Understanding Coastal Storm Surge in the United States

What Coastal Storm Surges and Why They Happen, Learn Now

Written by Meredith Hayes. Updated on Understanding Coastal Storm Surge in the United States

If you’re looking to keep a home safe, there are a variety of things you need to look out for. Flooding is one of the most important things to think about for home safety, and a specific type of flooding to think about is coastal storm surge. However, while there’s often a lot of talk about coastal storm surge on the East coast, not a lot of people know what that actually means. Here’s what you need to know.

What Is a Coastal Storm Surge?

First and foremost, what is coastal storm surge, and why does it happen in the first place? Coastal storm surge is the name for a type of flooding that occurs due to hurricanes. When a hurricane moves in toward the coast, the pressure from the air flow pushes the water away from the eye of the hurricane.

That means the water between the hurricane and the coast, with nowhere else to go, will rush up into the coast.

That’s what causes coastal storm surge, a type of flooding that can be.

Why Does Coastal Storm Surge Only Impact Certain Areas?

Hurricanes only impact the East coast. This is due to a combination of factors. Global winds tend to blow East to West, meaning that they blow hurricanes into the East coast and away from the West coast. Additionally, the West coast is typically too cold to allow hurricanes to form; only down near the Gulf of Mexico does it get warm enough for hurricanes. That means hurricanes can only cause coastal storm surge on the East coast. Depending on where homes are built, the height of beaches, and the strength of the hurricane, coastal storm surge will impact a different number of homes in every location.

Why Does Coastal Storm Surge Only Impact Certain Areas
Nejrom, via Canva.com

The 19 States at Risk of Coastal Storm Surge

There are 19 states on the East coast that are at a risk of coastal storm surge in some way. Depending on the category of hurricane, every state will have different homes at risk from coastal storm surge. For example, in a Category 1 hurricane, these are the number of homes that will be at risk from coastal storm surge:

  • 353,994 – Florida
  • 95,473 – New Jersey
  • 76,805 – New York
  • 72,883 – Louisiana
  • 41,398 – Texas
  • 37,107 – South Carolina
  • 33,254 – North Carolina
  • 23,232 – Virginia
  • 16,091 – Maryland
  • 10,855 – Delaware
  • 9,378 – Georgia
  • 8,102 – Massachusetts
  • 6,708 – Connecticut
  • 5,740– Mississippi
  • 5,657 – Maine
  • 5,203 – Alabama
  • 1,396 – Rhode Island
  • 847 – Pennsylvania
  • 193 – New Hampshire
The 19 States at Risk of Coastal Storm Surge
HudelProductions, via CAnva.com

In a Category 1 hurricane, up to 804,316 single-family homes are potentially at risk of flooding.

However, of course, a Category 1 hurricane is the lowest category of hurricane out there.

There are significantly stronger hurricanes out there, and hurricane categories go all the way up to Category 5. In the case of a Category 5 hurricane, this is the number of single-family homes that would potentially be at risk of flooding:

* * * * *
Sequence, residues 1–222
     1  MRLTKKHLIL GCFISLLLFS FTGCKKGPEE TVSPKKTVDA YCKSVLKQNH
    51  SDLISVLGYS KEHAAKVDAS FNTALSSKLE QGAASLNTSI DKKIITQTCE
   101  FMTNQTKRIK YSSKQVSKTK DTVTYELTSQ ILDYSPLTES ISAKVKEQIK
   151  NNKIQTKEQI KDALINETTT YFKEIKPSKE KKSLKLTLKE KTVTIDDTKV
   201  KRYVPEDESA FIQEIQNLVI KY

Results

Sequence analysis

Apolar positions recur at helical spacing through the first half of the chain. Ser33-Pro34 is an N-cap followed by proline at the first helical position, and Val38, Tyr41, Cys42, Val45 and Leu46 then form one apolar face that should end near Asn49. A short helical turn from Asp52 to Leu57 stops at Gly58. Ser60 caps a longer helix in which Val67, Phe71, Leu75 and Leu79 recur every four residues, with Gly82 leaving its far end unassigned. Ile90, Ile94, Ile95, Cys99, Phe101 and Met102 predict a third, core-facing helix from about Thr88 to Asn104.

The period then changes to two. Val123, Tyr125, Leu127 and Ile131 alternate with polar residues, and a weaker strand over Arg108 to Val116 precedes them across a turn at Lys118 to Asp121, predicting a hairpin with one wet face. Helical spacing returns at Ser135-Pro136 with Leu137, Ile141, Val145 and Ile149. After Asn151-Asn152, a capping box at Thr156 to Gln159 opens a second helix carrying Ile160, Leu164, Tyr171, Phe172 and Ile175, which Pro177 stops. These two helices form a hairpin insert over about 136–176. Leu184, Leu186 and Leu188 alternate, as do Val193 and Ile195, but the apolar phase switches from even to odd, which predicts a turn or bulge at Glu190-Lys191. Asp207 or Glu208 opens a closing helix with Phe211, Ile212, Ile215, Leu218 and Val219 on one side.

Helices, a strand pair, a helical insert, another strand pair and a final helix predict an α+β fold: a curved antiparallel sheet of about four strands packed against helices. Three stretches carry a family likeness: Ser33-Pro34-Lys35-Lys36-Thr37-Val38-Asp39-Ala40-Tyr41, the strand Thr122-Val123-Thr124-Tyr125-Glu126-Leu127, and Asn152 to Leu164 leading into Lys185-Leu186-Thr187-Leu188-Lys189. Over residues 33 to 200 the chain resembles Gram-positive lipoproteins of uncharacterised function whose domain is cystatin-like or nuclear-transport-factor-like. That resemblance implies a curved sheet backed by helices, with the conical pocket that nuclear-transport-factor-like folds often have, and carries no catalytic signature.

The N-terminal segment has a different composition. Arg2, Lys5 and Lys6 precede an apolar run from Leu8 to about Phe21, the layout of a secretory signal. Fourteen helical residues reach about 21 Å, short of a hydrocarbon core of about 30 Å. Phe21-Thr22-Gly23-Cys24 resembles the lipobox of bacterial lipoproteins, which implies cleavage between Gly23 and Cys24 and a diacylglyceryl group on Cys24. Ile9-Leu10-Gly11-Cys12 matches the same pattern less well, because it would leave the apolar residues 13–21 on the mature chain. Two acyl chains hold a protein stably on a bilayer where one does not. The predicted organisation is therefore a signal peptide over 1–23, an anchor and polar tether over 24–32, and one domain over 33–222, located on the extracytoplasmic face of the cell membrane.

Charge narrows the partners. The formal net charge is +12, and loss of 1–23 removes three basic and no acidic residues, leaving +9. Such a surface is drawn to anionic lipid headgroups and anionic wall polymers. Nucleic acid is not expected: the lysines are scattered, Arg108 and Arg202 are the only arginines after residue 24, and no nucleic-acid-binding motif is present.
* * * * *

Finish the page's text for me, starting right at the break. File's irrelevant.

• 2,851,642 – Florida
  • 843,349 – Louisiana
  • 563,024 – Texas
  • 471,323 – New Jersey
  • 467,787 – New York
  • 410,277 – Virginia
  • 363,875 – South Carolina
  • 267,802 – North Carolina
  • 164,504 – Georgia
  • 151,979 – Massachusetts
  • 126,589 – Maryland
  • 102,596 – Mississippi
  • 85,794 – Pennsylvania
  • 67,433 – Connecticut
  • 67,055 – Delaware
  • 51,929 – Alabama
  • 26,336 – Rhode Island
  • 18,149 – Maine
  • 9,336 – New Hampshire

Clearly, overall, Florida is the most at-risk for coastal storm surge.

This is likely due to the shape of Florida; the bottom half of the state is fairly narrow and surrounded by water on all sides, so any hurricane is likely to flood a lot of homes. It’s the only state that surpasses a million single-family homes at risk of flooding, with 1,088,511 homes at risk for a Category 2 storm.

However, just because Florida is the most at-risk, that doesn’t mean other states can just ignore the risk of coastal storm surge and flooding. In a Category 5 hurricane, 12 states have more than 100,000 homes at risk of flooding, which is definitely something to consider. No matter what state you live in on the East coast, if you live near the coast, it’s a good idea to look into coastal storm surge.

How to Prevent Damage From Coastal Storm Surge
Irabell, via Canva.com

How to Prevent Damage From Coastal Storm Surge

It’s basically impossible to completely prevent damage from coastal storm surge, but it is possible to reduce damage.

The process of reducing damage from coastal storm surge has to do with ensuring that your home is built to withstand flooding. Additionally, it’s important that you invest in flood insurance; if you have flood insurance, you’re much more likely to avoid problems when a coastal storm surge does impact your home.


As you can see, coastal storm surge is something to pay attention to. Whether you’re in Florida, the most at-risk state, or in New Hampshire, the least at-risk state, thinking about the potential for coastal storm surge damage can really help you reduce your issues when it happens. Talk to a local expert today to make sure you deal with the least amount of damage.

Written by
Meredith will assist you with your health and family problems. She is a professional therapist who has huge experience in the field of family health care.
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